Topic 6 – Reflections


UOSM2008 has been a very rewarding, challenging and eye-opening module.  It was a welcomed change from English Literature, and I not only acquired valuable digital literacy skills  but an online identity which will undoubtedly assist future employment prospects.

My additional reflections have been collected in a PowToon below:


My Twitter, LinkedIn and pages can be found here, or on the widget on my homepage.  I hope to remain in contact with as many of the UOSM2008 students as possible, and wish you all good luck with any upcoming exams!

Topic 5: Reflective Summary

This week’s topic on the advantages and disadvantages of Open Access for the content producer generated some interesting thoughts amongst fellow UOSM2008 students. It additionally prompted several of us to try new ways of presenting our blog posts: Prezis, SlideShares and videos were abundant!

What stood out the most this week was the overwhelmingly positive response to Open Access.  I was not alone in sharing my frustration at restricted access to articles.  Tat, for example, voiced her annoyance at being faced with a hefty price tag for a journal article she needed to read, whilst Bartosz similarly covered the hypocrisy of funding, and the notion that content producers are denying themselves citations by continuing with closed access.  Both Tat and I held similar opinions with regards to Open Access: we both saw its advantages not only as students, but to those across the globe, including the author.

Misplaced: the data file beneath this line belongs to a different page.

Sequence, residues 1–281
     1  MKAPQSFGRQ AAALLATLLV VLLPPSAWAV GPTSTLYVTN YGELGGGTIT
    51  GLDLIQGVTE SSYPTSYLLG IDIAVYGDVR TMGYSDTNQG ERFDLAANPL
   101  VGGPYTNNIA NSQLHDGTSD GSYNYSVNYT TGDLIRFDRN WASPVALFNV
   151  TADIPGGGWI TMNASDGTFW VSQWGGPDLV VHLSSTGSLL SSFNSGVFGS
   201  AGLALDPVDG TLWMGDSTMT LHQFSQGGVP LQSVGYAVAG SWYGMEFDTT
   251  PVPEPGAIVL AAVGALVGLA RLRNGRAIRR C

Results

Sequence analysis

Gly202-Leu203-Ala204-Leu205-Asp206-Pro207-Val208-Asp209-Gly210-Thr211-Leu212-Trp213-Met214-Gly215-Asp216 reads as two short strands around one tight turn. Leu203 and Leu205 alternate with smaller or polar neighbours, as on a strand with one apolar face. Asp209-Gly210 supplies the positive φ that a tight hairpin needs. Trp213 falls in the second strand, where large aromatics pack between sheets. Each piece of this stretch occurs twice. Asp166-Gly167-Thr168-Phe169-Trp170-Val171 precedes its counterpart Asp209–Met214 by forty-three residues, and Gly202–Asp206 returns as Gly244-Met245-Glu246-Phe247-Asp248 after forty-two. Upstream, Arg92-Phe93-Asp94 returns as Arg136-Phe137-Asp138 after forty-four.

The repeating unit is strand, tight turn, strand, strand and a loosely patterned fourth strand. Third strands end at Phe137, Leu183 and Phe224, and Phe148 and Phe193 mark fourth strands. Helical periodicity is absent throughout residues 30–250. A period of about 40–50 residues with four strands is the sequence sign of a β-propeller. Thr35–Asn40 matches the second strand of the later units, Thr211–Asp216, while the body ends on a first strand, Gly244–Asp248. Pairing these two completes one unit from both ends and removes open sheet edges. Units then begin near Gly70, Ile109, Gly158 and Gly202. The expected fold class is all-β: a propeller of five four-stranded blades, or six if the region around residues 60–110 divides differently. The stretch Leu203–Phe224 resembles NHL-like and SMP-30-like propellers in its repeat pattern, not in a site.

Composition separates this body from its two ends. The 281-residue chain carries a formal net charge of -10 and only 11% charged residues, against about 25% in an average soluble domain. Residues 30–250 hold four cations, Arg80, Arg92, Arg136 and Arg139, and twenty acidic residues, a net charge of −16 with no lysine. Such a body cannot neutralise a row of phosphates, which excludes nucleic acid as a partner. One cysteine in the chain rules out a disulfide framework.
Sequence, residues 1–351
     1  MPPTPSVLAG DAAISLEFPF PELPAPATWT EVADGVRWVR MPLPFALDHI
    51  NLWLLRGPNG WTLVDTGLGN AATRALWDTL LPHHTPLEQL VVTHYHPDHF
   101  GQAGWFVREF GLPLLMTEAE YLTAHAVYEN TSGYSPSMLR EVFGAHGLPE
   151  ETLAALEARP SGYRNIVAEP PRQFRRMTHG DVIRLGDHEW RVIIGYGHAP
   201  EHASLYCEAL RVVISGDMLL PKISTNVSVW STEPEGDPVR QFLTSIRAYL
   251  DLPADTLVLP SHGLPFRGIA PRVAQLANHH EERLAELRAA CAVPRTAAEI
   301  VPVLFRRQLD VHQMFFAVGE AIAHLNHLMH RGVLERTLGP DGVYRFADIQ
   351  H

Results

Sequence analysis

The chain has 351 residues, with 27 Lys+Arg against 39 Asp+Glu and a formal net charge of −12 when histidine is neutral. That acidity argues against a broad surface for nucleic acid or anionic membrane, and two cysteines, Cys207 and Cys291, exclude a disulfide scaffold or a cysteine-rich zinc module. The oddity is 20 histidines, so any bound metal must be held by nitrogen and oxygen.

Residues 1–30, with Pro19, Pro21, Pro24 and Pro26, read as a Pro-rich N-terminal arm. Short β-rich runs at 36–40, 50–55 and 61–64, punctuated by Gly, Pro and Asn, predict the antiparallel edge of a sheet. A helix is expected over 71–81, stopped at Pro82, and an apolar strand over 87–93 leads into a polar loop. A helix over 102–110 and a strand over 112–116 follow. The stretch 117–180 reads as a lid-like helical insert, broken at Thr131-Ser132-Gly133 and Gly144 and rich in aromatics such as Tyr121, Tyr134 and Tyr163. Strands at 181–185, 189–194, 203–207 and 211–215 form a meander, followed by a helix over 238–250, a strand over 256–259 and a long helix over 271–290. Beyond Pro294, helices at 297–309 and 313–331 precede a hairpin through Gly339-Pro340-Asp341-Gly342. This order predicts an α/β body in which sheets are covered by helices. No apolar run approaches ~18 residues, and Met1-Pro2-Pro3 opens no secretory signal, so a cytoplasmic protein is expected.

Whilst my blog post focused on the academic content producer, Nicole’s blog post addressed the open access to music via online streaming services, just as May’s, similarly, focused on open access in journalism.  As a long-term user of Spotify, I felt I could relate and respond to Nicole’s post.  We mutually agreed that the music industry was far more vulnerable to exploitation and illegal downloads, and can never fully be ‘restricted’ in the same way as academic journals.

This week’s topic definitely required the most research during this module. However, I was excited to discover that the Higher Education Funding Council for England will require future research to be open access after April 2016 in order to qualify for funding.  For a topic I had little knowledge of before this blog post, I was surprised at how strongly I felt about it!

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Blogs I commented on:



Topic 5: The Advantages and Disadvantages of Open Access

One of the most frustrating things when it comes to essays, as a student, is when you cannot gain full access to a journal article.

Recently, I attempted an inter-library loan, waiting over a month to discover that my request had been cancelled – other libraries were unable to share the article due to copyright. My deadline by this time had passed, so I could neither read nor cite this academic’s work.